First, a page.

Four days after the recording of the last episode, John McLaughlin died at the age of 89 on August 16, 2016. On August 18, 2016, WTTW′s chief content officer Dan Soles announced that The McLaughlin Group had ended production. He told The Hollywood Reporter in a statement, "This long-running political commentary and discussion show was consistently an audience favorite, and we will miss this important contribution to our political coverage. WTTW is proud to have brought the series, and Dr. McLaughlin, to the PBS system."
Regular McLaughlin panelists
- Regular panelists
- Pat Buchanan: political commentator and author
- Eleanor Clift: contributor, MSNBC and The Daily Beast
- Clarence Page: columnist, The Chicago Tribune
- Tom Rogan columnist, National Review
- Appeared every several months
- Paul Glastris: editor, Washington Monthly
- Mort Zuckerman: owner, New York Daily News and U.S. News & World Report
- David Rennie: columnist, The Economist
- Former regular panelists
Tony Blankley, Lawrence O'Donnell, Michael Barone, Jack Germond, Rich Lowry, Robert Novak, Morton Kondracke, Fred Barnes, Chris Matthews, Al Hunt, Mark Shields, Michael Kinsley, Monica Crowley, Katty Kay, Susan Ferrechio, Jay Carney
- "AT LUNCH WITH: The McLaughlin Group; Just Another Talk Show? Wronnnggg!". The New York Times. December 16, 1992. Retrieved February 10, 2012.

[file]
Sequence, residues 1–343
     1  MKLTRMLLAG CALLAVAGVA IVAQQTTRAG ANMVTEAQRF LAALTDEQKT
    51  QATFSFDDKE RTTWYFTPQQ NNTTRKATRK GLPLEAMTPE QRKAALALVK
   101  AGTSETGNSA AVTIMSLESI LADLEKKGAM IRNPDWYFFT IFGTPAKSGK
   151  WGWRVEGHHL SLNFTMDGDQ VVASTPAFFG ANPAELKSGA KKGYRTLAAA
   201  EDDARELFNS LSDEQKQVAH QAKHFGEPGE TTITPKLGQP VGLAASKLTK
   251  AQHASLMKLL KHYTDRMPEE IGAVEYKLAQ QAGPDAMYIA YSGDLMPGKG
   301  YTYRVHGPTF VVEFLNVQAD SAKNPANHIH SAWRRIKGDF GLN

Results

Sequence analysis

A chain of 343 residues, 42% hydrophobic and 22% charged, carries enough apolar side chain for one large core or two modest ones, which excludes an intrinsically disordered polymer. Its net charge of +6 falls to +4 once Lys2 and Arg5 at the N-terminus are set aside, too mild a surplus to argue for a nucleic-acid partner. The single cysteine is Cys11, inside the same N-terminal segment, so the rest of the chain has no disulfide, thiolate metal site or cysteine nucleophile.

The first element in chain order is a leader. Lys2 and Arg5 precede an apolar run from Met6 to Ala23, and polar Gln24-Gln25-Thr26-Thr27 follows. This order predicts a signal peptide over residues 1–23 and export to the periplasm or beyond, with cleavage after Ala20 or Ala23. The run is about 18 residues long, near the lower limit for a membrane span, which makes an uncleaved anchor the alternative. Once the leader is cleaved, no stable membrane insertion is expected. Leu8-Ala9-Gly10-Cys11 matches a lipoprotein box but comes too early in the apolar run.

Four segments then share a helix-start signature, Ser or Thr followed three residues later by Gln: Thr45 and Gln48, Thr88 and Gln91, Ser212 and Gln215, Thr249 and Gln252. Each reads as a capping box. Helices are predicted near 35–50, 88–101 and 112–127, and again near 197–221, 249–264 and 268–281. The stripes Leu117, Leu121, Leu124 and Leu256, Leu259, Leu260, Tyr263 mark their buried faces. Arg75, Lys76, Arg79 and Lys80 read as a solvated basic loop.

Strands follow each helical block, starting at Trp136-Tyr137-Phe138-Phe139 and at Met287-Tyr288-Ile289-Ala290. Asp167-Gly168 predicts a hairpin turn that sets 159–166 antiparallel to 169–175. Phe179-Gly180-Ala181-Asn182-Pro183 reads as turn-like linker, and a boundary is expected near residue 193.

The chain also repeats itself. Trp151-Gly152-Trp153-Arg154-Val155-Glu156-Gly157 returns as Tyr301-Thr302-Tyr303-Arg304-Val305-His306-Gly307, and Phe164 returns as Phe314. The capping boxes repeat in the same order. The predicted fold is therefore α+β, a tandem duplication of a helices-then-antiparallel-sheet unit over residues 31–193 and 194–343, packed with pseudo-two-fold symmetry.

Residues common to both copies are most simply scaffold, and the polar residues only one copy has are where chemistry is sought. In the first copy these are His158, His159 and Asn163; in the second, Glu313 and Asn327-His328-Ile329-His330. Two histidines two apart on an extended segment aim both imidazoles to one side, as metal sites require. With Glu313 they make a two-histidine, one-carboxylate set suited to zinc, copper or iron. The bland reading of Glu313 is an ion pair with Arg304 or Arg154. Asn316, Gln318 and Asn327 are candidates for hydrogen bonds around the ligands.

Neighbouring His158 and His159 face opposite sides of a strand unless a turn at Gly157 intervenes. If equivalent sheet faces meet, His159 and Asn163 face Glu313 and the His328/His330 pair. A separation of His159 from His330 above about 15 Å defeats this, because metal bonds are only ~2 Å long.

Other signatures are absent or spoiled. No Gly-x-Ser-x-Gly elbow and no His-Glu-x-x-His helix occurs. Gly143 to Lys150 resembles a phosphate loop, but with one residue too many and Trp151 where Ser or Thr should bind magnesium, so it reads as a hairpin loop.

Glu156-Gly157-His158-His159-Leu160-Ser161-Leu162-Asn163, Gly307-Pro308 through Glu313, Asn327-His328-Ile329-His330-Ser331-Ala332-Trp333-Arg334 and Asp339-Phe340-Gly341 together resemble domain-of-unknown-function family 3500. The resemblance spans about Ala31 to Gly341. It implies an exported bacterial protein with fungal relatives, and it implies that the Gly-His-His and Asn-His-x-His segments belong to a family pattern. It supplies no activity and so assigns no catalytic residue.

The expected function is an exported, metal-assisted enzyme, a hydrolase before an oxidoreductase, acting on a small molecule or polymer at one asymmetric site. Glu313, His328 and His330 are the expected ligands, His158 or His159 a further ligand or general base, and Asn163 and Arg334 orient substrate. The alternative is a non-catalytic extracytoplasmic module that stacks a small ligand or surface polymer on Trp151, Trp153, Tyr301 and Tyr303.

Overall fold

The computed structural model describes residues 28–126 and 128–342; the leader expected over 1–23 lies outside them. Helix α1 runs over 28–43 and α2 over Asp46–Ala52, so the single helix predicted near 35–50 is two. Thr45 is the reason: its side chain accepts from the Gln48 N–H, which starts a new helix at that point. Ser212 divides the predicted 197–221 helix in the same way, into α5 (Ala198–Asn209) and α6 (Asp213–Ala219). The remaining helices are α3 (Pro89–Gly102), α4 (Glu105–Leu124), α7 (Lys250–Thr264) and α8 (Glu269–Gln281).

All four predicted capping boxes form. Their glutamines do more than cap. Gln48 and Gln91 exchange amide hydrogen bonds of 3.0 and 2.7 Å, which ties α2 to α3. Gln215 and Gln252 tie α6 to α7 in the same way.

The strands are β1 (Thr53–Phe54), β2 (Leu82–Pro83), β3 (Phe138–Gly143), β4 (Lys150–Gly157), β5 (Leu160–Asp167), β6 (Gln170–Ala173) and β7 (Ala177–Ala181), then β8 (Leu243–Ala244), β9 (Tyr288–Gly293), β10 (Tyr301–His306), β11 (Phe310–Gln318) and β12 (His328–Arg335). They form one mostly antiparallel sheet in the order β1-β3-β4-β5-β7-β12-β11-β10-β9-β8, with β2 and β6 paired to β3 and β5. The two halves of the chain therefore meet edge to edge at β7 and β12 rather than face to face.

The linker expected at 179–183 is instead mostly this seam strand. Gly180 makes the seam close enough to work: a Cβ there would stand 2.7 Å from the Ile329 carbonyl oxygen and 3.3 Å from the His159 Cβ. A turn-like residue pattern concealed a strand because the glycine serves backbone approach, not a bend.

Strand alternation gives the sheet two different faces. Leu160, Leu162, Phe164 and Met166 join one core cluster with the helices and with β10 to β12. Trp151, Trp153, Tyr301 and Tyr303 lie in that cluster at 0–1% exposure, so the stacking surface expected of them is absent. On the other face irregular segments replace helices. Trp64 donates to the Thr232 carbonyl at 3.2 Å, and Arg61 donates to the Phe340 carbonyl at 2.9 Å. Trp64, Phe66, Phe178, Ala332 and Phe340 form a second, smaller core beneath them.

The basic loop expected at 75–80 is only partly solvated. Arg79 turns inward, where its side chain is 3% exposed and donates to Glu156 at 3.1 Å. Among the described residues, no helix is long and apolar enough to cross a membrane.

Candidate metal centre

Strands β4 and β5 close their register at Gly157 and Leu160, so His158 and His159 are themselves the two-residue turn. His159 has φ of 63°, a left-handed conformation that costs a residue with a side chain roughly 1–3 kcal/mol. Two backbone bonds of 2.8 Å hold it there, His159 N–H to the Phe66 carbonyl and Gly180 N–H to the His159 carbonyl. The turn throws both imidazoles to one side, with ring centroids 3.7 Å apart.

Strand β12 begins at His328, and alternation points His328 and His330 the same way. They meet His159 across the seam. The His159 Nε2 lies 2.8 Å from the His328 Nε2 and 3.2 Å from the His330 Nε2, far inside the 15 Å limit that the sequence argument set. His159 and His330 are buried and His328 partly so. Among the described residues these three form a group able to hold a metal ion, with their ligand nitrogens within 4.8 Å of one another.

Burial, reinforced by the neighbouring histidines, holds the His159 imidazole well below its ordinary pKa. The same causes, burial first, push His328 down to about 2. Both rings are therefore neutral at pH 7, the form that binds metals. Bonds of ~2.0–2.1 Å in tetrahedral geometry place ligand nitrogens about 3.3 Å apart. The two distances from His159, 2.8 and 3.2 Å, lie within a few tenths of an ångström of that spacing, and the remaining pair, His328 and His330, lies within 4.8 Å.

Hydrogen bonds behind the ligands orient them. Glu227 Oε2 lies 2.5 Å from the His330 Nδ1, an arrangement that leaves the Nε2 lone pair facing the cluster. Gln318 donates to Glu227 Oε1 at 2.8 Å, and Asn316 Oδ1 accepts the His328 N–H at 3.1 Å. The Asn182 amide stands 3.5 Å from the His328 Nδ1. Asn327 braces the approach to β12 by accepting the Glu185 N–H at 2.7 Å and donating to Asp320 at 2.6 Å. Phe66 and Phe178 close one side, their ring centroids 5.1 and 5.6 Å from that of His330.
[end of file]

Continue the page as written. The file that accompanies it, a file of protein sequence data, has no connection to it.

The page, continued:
- McLaughlin Group from Saturday Night Live, retrieved 2016-12-01
- The McLaughlin Group Cold Open from Saturday Night Live, retrieved 2016-12-01
- "Watch The McLaughlin Group Halloween Cold Open from Saturday Night Live on NBC.com". Retrieved 1 December 2016.
- Hoberman, J. (4 March 2009). "Watchmen: Dr. Manhattan, Meet Dr. Hollywood". Retrieved 1 December 2016.
- "MechCommander 2: Introductory cinimatic". YouTube. 2009-08-20. Retrieved 2016-12-01.
- "Why America Hates the Press". Frontline. Oct 22, 1996. Retrieved Aug 20, 2012.
- "Remarks at a Reception for the McLaughlin Group". Reagan.utexas.edu. 1985-10-29. Retrieved 2012-02-10.
- "The McLaughlin Group". Mclaughlin.com. Retrieved 2012-02-10.[dead link]
- "News Headlines". Cnbc.com. Retrieved 2012-02-10.[dead link]
- 'The McLaughlin Group' Moving to WUSA and WCBS Beginning May 4th[dead link]
- Mitovich, Matt Webb; Mitovich, Matt Webb (19 August 2016). "The McLaughlin Group to End 34-Year Run, Following Host's Death". Retrieved 1 December 2016.
- Littleton, Cynthia (August 18, 2016). "'McLaughlin Group' to End After This Week's Episode". Variety. Retrieved August 19, 2016.
- Evans, Greg (14 August 2016). "Ailing John McLaughlin Misses First 'The McLaughlin Group' In 34 Years". Retrieved 1 December 2016.